For those who do not win their case, there is normally a right of appeal. However, this is based purely on the decision reached in the case.
How to appeal
If you are unhappy about the decision made by the judge in your case, you may be able to appeal against the decision to a judge in a higher court or in the case of tribunals to the Upper Tribunal or Employment Appeal Tribunal.
There must be proper grounds for making an appeal and there are strict time limits within which to do so.
It is not possible for court staff or other government officials to review a judgment made by the courts. This is because the judiciary are entirely independent and must be free to decide the outcome of cases without fear of interference from Government or its administration.
There are several ways in which you may challenge magistrates’ decisions. The most appropriate method will depend upon the type of case and its particular circumstances. Before you lodge an appeal, you are strongly urged to seek legal advice as to the procedure, merit and cost.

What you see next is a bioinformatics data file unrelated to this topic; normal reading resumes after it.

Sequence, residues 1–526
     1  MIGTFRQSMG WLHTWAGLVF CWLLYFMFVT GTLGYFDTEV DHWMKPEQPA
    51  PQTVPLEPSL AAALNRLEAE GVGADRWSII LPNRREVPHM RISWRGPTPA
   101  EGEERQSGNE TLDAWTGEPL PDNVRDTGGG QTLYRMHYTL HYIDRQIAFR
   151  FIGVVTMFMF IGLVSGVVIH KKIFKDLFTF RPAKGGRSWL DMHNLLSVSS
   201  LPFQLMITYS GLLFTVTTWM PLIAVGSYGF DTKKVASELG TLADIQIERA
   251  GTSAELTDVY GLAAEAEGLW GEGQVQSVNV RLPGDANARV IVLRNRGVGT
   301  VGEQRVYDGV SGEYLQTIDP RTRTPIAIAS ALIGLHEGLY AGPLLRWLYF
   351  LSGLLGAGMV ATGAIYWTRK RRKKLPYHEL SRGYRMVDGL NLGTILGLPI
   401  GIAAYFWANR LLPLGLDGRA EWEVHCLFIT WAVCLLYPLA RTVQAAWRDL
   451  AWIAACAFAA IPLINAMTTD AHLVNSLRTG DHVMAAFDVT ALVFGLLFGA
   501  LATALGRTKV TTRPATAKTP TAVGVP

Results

Appeals against the decision of the magistrates’ court in criminal cases are heard by the Crown Court. The appeal is made to the magistrates’ court and the papers sent by the magistrates’ court staff to the Crown Court.
Crown and county courts
For Crown and county courts you can appeal both civil and criminal cases, but it would be necessary to seek permission or ‘leave’ from a judge before an appeal can be made against a conviction in a criminal case.
Applications to appeal, and for leave to appeal against decisions made by the Crown Court are dealt with by the Court of Appeal Criminal Division.
Appeals against the outcome of a hearing in a county court or a High Court are mostly dealt with by the Court of Appeal Civil Division.